Let me first apologize as I know this topic appears to have been discussed extensively yet something isn't clicking for me after researching over many days in stack, google, and youtube! I want to clarify a few thoughts in my head on the applicability of anti-static devices (such as wrist straps and mats) and how they work. I'll list my current thoughts/questions as follows...
1.) The purpose of the resistor in the strap/mat grounding cable: As I understand it the purpose of the resistor is that when there is a potential difference between you and the device you are working on the resistor will limit the current fed into the device to reduce damage. Is this true?
2.) How ESD occurs when working on a device: I understand that ESD occurs when there is a voltage difference between you and the device. I also understand that voltage is a relative measurement between two points. Additionally I've been taught that "ground" and "earth ground" are two different things. My big source of confusion is how you prevent an initial static discharge. As I understand when we are connected to "ground" it is not necessarily earth ground. This "ground" potential can vary depending on the electricity provider. As such, wherever your device is developed will have achieved equilibration in charge relative to whatever "ground" it was prepared relative to (assuming manufacturers develop devices by grounding themselves and all components). Where I am getting mixed up is that say when I take out a computer motherboard (which will be at a certain potential) and put it on an anti-static mat and connect the mat to my local ground source, isn't there still a possibility that very act may lead to a voltage difference (due to different relative "grounds" and cause an initial discharge? Or is the variability in what is considered "ground" standard throughout the U.S?
3.) When working with devices is it best to connect everything to ground? Or do you connect everything to the device? As I understand it you either set yourself and your device to ground potential or you set your-self to the same potential as the device. In both cases wouldn't there still be an initial discharge? A scenario in my head is that I touch the bare metal of a grounded outlet to disperse any static on me initially. When I go to handle the device how can I be sure that the device is at the same grounded potential within its anti-static packaging and that I won't discharge current through it?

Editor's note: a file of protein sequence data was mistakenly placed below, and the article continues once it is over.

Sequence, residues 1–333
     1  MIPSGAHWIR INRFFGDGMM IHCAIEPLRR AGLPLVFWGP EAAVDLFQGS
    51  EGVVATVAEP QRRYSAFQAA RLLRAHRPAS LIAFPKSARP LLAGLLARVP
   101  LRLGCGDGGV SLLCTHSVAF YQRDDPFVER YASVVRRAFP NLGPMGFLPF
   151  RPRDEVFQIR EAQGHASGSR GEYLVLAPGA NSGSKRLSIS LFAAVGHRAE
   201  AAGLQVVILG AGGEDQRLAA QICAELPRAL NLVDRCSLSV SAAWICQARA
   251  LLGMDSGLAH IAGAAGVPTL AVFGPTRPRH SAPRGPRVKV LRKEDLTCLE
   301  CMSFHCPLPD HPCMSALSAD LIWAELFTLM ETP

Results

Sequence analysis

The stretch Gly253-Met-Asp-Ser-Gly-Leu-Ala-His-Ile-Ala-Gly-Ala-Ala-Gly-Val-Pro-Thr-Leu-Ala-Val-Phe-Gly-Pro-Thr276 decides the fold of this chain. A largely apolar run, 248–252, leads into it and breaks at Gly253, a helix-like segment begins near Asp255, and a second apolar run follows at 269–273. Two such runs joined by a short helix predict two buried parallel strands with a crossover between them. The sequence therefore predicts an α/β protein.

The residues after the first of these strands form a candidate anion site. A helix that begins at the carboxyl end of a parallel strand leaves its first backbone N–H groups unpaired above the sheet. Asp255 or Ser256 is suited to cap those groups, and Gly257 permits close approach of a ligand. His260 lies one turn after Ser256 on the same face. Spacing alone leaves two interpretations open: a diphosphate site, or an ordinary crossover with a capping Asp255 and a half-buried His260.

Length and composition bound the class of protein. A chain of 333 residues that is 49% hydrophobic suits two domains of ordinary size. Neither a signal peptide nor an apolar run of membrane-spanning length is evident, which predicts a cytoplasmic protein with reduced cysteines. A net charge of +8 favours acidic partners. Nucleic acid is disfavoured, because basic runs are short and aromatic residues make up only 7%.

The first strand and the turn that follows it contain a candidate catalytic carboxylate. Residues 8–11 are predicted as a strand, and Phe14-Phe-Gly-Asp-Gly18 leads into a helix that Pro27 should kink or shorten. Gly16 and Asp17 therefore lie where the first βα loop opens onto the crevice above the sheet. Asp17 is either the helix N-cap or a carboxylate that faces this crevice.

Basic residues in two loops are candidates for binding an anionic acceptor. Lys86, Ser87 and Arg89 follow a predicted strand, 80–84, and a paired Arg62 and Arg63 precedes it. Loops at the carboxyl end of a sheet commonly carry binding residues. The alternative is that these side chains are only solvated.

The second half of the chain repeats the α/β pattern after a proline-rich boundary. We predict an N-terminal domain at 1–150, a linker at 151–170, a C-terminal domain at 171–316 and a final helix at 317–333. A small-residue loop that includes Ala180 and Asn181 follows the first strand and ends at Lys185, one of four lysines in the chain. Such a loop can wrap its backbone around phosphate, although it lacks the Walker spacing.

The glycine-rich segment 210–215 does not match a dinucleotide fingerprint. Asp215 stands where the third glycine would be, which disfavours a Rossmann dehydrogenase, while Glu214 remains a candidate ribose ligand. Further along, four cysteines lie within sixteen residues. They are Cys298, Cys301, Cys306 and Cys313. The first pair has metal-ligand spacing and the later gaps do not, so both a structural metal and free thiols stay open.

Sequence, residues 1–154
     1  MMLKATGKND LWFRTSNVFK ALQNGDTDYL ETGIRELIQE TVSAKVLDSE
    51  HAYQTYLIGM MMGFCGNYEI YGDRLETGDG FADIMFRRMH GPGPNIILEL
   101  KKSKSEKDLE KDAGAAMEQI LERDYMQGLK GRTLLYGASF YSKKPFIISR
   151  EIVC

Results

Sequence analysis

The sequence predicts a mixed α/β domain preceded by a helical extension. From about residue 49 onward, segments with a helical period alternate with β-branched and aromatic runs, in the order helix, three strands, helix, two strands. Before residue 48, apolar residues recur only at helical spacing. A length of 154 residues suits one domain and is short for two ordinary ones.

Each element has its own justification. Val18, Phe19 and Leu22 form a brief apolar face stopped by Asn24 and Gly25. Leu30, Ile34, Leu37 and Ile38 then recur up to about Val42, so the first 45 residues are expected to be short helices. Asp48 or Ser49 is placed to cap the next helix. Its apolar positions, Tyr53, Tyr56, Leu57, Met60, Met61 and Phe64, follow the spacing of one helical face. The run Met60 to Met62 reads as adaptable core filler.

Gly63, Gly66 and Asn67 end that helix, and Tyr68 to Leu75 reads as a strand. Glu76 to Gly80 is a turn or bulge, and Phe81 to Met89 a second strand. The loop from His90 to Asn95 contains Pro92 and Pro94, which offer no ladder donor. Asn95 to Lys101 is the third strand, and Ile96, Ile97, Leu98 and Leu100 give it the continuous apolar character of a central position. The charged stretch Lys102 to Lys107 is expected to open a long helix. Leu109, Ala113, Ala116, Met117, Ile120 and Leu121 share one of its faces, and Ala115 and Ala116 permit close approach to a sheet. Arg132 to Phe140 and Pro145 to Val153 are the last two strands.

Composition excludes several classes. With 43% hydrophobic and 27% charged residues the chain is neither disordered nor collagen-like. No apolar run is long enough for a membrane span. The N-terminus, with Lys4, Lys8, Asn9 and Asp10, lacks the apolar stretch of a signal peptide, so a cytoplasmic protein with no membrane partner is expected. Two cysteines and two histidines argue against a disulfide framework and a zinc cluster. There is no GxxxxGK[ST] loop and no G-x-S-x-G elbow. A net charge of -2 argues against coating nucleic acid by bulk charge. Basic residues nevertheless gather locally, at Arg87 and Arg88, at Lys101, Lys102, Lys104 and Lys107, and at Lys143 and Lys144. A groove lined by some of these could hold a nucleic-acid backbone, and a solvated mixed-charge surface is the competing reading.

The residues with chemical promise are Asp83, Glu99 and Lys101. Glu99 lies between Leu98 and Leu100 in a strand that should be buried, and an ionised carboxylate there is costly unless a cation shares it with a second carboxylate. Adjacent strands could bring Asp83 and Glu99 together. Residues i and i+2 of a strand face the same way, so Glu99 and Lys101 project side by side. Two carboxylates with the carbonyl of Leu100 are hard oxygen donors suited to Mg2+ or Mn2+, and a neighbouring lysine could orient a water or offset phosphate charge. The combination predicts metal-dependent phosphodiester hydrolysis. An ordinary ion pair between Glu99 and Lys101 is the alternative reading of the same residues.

4.) Assuming that there is a natural inevitable discharge and that my concern about that is correct, is it just a matter of which is safer, the "natural" discharge or the ESD? As I understand ESD can lead to a potential difference of hundreds to thousands of volts. If I use a CPU as an example device I believe anything over 2-volts has the potential to damage/fry the CPU. In this case ESD is definitely bad news. However, due to just transportation across the U.S and the potential of difference of relative grounds is it likely that there is always a few volt difference between me and anything else that I interact with? In this case, wouldn't I potentially always damage the CPU when removing it from its packaging?
5.) Lastly, as I see it now with all my concerns, ESD devices such as wrist straps and mats do not protect you and your device against any initial discharge (since there may always be a difference in your resting potential), they only prevent the future build-up of static as you are working on the device. Is this true?
Thank you very much for your patience in helping me figure this out!